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tv   The Story With Martha Mac Callum  FOX News  March 22, 2021 12:00pm-1:00pm PDT

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enjoyed it. >> john: that is a postcard behind me right now. beautiful here. >> sandra: beautiful day in d.c. beautiful day in new york. thanks for joining us. i'm sandra smith. >> john: and i'm john roberts. we'll see you tomorrow on another edition of "america reports." "the story" starts right now. >> martha: good afternoon. i'm martha maccallum live in new york. here's the story breaking right now. new york governor cuomo is holding a phone conference at this moment. so far he has not commented on the now eight women accusing him of harassment. we're monitoring that. we'll break it here as soon as it happens. a massive escalation at the border. these are brand new photos from inside the overflowing facilities. a lot of people packed in the areas. we're waiting to hear directly from the president in his first formal news conference. we're told that will happen on thursday. we'll talk to dana perino about that coming up. we learn part of the new policy
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they're doing is releasing people into the country even without a court date to appear. a lot of times they don't appear anyway. now they didn't have one. that's up to them to decide if they want to follow up and let people know their status. here's what the sheriff of cochise county, arizona said. >> they're releasing them. it's sad. it's like an orchestrated plan here. >> martha: watch president trump here. >> they're allowing everybody to walk through and just come in and they're not taking anything. they have no information about the people. that's the people that they know about. how about the people they don't know about? the thousands of people that are coming in where there's absolutely no protection. >> martha: here's one man told abc news about why he decided that now is the time to come. watch this. >> would you have tried to do
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then when donald trump was president? >> definitely not. >> did you come because joe biden was elected president? >> basically. basically. >> martha: so the president will have to answer questions about that come thursday. also about the 86 million u.s. taxpayer dollars that are now being used to house illegal border crossers in hotels along that u.s. border. 6% have tested positive for covid according to fema. think about the rates in the cities that force school closings was around that number. former acting secretary of homeland security chad wolf is here. he's asking where is the outrage about the white house muzzling border patrol agents and sector chiefs about what is going on? we'll talk about that and more in just a moment. first, steve harrigan who is live at the border at mission, texas. hi, steve. >> martha, some of the worst conditions happening right here along the border between mexico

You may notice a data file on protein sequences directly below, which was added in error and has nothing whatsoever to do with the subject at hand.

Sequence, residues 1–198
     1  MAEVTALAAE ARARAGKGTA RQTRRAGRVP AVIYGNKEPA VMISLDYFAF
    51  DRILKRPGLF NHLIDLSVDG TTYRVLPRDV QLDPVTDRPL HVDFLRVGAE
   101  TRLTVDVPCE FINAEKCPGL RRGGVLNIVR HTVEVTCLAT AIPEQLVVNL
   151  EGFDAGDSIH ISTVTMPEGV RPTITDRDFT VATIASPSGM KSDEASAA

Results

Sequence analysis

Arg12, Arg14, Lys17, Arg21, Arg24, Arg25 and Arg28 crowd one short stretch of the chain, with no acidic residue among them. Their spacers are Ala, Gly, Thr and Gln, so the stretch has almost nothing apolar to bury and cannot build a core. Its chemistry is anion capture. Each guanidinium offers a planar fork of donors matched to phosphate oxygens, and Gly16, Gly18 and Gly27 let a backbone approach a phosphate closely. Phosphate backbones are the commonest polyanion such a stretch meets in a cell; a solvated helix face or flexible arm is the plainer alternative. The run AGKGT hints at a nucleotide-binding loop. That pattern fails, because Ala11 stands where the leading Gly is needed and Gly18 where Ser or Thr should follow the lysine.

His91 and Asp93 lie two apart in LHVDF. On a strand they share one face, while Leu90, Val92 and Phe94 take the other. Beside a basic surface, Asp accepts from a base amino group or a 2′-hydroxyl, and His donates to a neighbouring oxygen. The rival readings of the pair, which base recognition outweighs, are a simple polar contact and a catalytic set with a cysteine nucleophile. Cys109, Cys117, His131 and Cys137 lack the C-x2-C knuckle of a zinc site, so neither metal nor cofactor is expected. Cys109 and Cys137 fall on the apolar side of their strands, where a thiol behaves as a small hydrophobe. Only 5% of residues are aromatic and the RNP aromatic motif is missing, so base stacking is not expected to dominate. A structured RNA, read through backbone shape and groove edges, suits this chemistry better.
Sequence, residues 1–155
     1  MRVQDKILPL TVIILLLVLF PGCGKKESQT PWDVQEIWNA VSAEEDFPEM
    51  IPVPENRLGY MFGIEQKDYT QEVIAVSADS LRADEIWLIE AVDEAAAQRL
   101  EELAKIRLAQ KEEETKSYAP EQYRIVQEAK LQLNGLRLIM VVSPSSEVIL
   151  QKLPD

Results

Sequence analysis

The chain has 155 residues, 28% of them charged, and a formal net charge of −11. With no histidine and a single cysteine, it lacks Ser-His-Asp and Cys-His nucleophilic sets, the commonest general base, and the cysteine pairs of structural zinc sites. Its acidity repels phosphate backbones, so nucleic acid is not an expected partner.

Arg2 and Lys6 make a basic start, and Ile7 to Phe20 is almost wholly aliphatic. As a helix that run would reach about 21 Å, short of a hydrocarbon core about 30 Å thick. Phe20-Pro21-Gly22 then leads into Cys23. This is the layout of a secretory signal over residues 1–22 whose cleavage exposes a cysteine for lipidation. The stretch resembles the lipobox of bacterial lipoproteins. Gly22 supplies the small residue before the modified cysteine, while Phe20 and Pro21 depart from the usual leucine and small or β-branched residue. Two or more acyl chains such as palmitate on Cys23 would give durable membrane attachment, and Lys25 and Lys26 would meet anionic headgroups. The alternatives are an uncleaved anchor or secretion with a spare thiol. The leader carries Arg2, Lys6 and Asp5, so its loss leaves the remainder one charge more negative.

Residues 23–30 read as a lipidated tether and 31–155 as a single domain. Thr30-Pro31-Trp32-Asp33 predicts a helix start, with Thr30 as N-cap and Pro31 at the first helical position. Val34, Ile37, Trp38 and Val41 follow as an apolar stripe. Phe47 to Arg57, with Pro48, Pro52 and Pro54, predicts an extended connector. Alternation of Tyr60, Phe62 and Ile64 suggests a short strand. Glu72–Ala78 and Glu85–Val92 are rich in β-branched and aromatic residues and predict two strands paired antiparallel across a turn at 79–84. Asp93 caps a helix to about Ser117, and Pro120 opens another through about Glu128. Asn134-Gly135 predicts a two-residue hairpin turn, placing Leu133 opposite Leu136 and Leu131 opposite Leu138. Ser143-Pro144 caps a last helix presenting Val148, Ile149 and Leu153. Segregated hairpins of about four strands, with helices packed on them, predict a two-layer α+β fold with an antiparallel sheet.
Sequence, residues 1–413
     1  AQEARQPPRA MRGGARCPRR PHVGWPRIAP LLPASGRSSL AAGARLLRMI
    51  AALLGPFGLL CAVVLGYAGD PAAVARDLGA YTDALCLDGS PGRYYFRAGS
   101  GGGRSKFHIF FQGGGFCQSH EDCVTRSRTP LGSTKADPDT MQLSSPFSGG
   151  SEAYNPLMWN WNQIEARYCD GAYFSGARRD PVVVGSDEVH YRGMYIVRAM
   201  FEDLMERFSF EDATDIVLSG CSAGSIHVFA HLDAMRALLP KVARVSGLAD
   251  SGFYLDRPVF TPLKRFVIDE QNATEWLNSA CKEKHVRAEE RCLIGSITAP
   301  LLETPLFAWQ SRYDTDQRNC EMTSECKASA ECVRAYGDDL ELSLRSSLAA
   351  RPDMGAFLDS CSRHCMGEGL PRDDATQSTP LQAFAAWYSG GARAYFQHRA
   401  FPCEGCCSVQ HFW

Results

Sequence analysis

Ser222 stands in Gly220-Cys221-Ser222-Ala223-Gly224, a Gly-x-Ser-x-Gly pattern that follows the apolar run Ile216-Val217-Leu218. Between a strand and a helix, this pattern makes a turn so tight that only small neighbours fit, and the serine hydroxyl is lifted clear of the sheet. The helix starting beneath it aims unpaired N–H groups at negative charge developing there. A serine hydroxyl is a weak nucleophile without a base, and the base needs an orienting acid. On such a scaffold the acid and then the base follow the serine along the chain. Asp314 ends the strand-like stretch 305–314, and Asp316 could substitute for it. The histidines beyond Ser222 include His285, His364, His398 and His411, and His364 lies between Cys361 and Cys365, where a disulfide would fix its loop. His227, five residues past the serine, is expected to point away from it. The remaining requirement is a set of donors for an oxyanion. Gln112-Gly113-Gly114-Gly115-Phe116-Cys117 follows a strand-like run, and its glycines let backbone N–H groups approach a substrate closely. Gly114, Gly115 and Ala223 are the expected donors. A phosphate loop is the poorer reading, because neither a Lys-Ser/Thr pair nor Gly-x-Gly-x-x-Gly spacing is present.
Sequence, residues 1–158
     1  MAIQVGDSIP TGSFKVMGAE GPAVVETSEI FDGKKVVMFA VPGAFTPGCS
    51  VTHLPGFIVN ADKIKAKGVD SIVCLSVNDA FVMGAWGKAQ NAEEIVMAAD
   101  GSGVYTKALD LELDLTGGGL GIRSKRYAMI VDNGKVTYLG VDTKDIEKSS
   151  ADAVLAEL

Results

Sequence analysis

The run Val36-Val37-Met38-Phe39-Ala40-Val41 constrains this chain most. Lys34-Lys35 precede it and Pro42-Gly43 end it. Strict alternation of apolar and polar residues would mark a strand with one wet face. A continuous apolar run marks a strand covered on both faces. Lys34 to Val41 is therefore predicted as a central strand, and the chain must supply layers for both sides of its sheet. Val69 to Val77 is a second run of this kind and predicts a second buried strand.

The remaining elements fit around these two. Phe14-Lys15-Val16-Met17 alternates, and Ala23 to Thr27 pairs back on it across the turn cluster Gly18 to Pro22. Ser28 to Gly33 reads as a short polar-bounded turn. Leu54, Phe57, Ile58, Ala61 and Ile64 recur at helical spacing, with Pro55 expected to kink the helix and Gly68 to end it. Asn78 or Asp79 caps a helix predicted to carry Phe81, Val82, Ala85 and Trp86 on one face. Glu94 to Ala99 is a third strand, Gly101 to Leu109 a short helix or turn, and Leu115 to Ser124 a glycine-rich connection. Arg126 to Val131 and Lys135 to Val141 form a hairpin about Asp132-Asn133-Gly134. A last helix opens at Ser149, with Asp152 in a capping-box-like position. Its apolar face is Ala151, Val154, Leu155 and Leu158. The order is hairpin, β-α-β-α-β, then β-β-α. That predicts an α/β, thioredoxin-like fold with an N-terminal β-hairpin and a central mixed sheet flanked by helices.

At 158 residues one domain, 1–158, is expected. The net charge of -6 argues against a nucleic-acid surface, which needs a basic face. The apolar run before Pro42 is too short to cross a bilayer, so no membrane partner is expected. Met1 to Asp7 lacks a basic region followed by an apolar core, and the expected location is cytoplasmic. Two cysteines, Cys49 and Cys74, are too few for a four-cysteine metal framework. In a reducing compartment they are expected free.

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and texas. so in migrants crossing over illegally. there's no place to hold them. hours of paperwork are usually filled out. so the fact is they're being released without a lot of the paperwork done. they're being released without a notice to appear in court. that is unprecedented. no space for the youths crossing over illegally ace well. fox news estimates more than 600 youths coming into the u.s. this is coming after representative henry cuellar showing the overcrowding. some of these facilities where migrants are he held, there's no fencing around the outside. that has gotten the ire of governor abbott. >> it's reprehensible and astonishing that the biden administration would be putting migrants into a location like that without having an exterior security. shows how insecure these facilities are.
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>> a new facility for unaccompanied youths is being put together in pecos, texas. it will expand up to 2,000. if they're coming in at 600 a day, that won't last long. back to you. >> martha: thanks, steve. joining me now former acting homeland security secretary, chad wolf. welcome. great to have you with us today. i'd like to start with this sound bite from the weekend. alejandro mayorkas saying -- he was asked about the border. he said the border is closed. watch this. >> the border is secure. the border is closed. we've been unequivocal in that and we're operationalizing our processes and executing the plans. >> martha: can you translate that? what does he mean? >> i disagree with that. the border is not secure. nothing could be further from the truth. the data proves it otherwise. you have historic surges occurring not only with family